That voice in your head that’s beating yourself up for not getting the 24th thing checked off your day’s to-do list is unrelenting. It tells you you’re worthless, you’re stupid, you don’t deserve what you have and you’ll never be good enough.
You procrastinate and avoid.
You think about all the reasons you shouldn’t do something. All the ways you could fail. How embarrassed you’d feel if things don’t go the way you plan. And your expectations are through the roof. It’s paralyzing. The bar is so high, you can barely see it and the overwhelm is almost unbearable. So you wait. You find something to do that’s right inside your comfort zone and you avoid the things that are a stretch.
You’re a critic
You’re not just critical of yourself. You’re also critical of the people around you. Your partner complains that you’re always correcting them. You have to bite your tongue when someone misspeaks and simply moves on. You want to point out that your colleague used the wrong form of there. It affects your relationships because maybe people feel like they have to be on their best behavior around you or they see you as uptight.
Why is perfectionism a problem?
Maybe you got a clue from the signs, but maybe you’re still thinking perfection sounds like a good thing. Who doesn’t want to be perfect? If I’m perfect, no one can criticize me or tell me that I’m wrong. I’m invulnerable if I’m perfect.
But the thing is, no one can be perfect all the time. Frankly, few people are even perfect most of the time. And the pressure to feel like everything has to be just so can lead to a constant feeling of anxiety. A lot of times, letting go of the quest for perfection and finding comfort in good enough can be life-changing.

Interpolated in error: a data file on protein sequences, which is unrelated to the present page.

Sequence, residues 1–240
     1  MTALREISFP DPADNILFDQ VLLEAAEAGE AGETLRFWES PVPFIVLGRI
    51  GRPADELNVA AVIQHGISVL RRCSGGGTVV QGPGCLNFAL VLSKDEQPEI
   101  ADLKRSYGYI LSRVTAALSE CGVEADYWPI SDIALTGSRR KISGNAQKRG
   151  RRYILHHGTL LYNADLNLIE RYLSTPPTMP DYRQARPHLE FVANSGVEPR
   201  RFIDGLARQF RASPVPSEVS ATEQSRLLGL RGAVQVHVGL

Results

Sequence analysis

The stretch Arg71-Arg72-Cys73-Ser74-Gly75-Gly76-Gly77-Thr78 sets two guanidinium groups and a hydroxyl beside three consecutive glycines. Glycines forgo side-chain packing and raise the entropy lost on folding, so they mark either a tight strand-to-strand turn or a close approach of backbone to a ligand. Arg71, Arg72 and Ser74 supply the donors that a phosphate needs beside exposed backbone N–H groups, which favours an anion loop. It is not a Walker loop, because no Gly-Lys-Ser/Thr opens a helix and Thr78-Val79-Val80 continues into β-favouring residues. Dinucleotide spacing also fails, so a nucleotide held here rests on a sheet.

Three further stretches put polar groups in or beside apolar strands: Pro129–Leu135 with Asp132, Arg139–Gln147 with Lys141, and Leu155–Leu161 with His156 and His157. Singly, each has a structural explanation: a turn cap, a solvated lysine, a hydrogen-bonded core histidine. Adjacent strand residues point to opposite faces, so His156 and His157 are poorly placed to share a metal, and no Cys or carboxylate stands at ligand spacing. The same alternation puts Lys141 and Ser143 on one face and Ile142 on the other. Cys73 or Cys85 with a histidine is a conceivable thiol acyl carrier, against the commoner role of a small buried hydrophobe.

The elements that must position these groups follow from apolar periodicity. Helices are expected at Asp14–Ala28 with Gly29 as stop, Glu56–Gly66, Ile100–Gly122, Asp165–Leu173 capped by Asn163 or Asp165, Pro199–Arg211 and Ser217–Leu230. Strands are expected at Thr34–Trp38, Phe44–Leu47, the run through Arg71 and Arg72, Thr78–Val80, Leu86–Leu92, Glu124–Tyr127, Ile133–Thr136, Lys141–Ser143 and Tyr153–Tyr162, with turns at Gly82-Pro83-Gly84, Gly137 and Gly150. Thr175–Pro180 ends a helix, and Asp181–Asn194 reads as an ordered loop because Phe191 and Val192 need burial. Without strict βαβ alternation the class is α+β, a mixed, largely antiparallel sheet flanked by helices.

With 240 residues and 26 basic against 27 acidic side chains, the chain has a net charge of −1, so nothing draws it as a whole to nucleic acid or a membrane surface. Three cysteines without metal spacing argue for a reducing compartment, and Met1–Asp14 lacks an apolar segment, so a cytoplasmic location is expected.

Perfectionism is a thief.
Perfectionism steals from you and it steals from the people who interact with you. If you can’t put something into the world unless it’s perfect, then the world misses out on whatever gifts you have to share, but don’t because a small detail isn’t perfect. Let me show you what I’m talking about.
Let’s say a teacher has a bomb idea for a lesson plan that’s going to knock her students’ socks off. She thinks about the details and writes down a bunch of ideas. She actually spends quite a bit of time doing this. Maybe 6 or 8 hours. But in the end, she can’t get it quite right. It’s done, but it’s not great, so she goes to school and teaches it the way she always has. The students don’t benefit from the hours of work the teacher put in and the teacher wasted 8 hours and feels like she failed. Perfection is not serving anyone here.
Have you ever had someone give you awesome feedback on something you thought was just ok? Your “just ok” thing made an impact on someone. Talent and ideas are nothing without something to show for it in the end. So if you saw a bit of yourself in this post, I challenge you to make your mantra this well-known quote: “Done is better than perfect.” As a recovering perfectionist, I remind myself of that too.
Erika Ames is a Licenced Clinical Social Worker and owner of Texas online therapy practice, Tailwinds Counseling. Her specialties include anxiety, young adult issues, and coping with cancer as a patient or caregiver. To schedule a free 15-minute phone consultation with her, click here or call (713) 936-4909.